Mafia boss ‘Diabolik’ dies in custody after nearly 30 years on the run, Italian reports say | CNN



A Mafia boss who spent nearly three decades evading law enforcement before he was arrested in January has died while receiving medical treatment, according to Italian media reports.

Matteo Messina Denaro, who is thought to have ordered dozens of Mafia-related murders for the Cosa Nostra crime group, died at the San Salvatore hospital in L’Aquila, central Italy, where he had been treated for colon cancer, public broadcaster Rai reported Monday.

Before his arrest at a private health clinic in Palermo in January, the former boss of the Sicilian Mafia had been a fugitive since 1993 and was considered by Europol one of the most wanted men in Europe, prosecutor Maurizio de Lucia told CNN at the time.

Messina Denaro was given several life sentences in absentia for his many crimes, most notably in 1992 for his involvement in the murders of anti-Mafia prosecutors Giovanni Falcone and Paolo Borsellino.

He received his most recent life sentence in 2020 for fatal bombings in Milan, Florence and Rome in the late 1990s, and for the murder and torture of the 11-year-old son of an enemy who gave evidence against the Cosa Nostra.

Before he died, cases for the murders of Falcone and Borsellino, and for the murder of 11-year-old Giuseppe Di Matteo were in the process of being brought before higher courts.

Having been a wanted man for nearly 30 years, he was the Cosa Nostra’s longest-hiding fugitive.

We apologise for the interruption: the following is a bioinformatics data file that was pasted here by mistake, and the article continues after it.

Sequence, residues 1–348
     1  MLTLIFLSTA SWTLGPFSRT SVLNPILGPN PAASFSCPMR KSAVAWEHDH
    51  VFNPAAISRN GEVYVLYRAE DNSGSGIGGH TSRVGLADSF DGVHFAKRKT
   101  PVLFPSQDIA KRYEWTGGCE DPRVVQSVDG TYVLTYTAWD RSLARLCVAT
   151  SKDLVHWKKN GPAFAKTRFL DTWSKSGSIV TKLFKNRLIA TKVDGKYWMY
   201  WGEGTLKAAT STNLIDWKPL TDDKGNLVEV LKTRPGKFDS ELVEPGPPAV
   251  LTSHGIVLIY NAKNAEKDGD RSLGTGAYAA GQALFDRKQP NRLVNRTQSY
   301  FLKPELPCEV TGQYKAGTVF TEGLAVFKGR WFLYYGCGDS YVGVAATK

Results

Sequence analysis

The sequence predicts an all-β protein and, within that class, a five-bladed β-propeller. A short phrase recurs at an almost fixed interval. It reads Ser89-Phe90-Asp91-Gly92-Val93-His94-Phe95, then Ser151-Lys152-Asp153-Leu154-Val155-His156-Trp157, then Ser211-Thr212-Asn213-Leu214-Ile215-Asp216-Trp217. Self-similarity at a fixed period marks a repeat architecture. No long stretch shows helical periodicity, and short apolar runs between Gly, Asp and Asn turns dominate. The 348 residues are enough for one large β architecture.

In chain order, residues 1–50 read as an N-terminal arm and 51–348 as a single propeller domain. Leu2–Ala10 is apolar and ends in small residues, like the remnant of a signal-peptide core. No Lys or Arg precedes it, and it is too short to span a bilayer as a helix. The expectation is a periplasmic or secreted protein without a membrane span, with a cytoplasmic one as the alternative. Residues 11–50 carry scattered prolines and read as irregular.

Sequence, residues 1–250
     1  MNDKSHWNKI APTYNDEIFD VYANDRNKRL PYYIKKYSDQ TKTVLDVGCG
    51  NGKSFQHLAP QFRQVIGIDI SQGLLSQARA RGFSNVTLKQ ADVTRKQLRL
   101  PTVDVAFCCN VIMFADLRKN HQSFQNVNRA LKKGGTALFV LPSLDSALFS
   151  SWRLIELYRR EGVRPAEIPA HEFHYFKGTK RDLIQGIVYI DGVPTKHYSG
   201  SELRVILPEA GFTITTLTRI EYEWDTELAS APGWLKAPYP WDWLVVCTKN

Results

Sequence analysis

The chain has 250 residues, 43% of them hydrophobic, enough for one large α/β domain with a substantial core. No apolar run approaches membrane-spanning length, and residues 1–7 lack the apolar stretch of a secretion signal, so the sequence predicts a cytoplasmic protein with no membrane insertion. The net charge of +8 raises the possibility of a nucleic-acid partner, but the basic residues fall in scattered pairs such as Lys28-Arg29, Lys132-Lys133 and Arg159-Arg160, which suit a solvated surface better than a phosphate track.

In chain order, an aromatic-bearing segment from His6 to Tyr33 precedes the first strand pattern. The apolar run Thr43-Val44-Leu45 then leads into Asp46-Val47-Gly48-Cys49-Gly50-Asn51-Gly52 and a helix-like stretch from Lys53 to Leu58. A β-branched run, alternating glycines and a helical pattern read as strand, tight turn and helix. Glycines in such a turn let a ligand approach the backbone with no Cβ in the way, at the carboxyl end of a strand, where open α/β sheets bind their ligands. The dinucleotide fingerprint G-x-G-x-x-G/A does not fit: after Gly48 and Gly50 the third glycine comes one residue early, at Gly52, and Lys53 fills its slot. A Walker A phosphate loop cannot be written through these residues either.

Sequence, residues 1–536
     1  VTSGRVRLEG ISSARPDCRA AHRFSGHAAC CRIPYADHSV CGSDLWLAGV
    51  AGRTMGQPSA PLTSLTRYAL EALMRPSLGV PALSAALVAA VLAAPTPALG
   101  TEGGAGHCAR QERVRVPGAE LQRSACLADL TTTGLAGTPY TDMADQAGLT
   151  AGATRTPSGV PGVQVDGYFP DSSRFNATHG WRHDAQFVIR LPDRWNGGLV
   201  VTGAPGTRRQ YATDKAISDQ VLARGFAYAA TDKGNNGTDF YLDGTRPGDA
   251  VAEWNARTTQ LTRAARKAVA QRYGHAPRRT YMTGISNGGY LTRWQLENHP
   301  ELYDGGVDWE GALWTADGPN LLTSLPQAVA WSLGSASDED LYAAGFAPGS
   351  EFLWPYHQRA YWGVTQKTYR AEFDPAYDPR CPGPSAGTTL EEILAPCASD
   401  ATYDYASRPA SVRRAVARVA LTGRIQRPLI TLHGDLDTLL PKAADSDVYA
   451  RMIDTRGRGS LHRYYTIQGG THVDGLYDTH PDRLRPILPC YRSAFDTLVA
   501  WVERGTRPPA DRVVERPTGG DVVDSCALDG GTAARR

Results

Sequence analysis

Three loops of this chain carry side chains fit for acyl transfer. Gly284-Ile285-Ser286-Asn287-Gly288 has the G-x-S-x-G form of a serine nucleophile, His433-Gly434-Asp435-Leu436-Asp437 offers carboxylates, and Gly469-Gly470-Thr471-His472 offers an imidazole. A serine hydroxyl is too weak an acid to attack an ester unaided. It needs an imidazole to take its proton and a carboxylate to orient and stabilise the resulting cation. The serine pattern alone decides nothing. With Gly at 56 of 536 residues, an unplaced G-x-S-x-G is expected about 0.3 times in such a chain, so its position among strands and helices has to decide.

The January police raid at the Maddalena clinic that ended in his capture involved more than 100 agents with the anti-Mafia Carabinieri.

Anti-Mafia security forces had been closing in on Messina Denaro’s circle, seizing around €3 billion ($3.25 billion) in assets belonging to companions, relatives and associates thought to be supporting his life in hiding, and making arrests in a crackdown between 2009 and 2010.

Messina Denaro – known as Diabolik – is regarded as one of the successors of Bernardo Provenzano, who was famously arrested while in hiding in a farmhouse outside Corleone, Sicily, in April 2006.

Crime was a family affair for Messina Denaro, born to a known Mafia boss in Sicily on April 26, 1962. Among those arrested in the 2009-2010 crackdown was his brother, Salvatore Messina Denaro, who refused to testify about his whereabouts.

In 2013, his sister, Patrizia Messina Denaro, was sentenced to 14 years in prison, a term she is still serving, for being a member of the Mafia.

Felia Allum, professor of comparative organized crime and corruption at the UK’s University of Bath, said in January that Messina Denaro was the last of an old generation of Mafia bosses.

“He represents the final link between the belligerent and overt Cosa Nostra of the early 1990s and the silent, business-like Mafia of the 21st century,” she said at the time.


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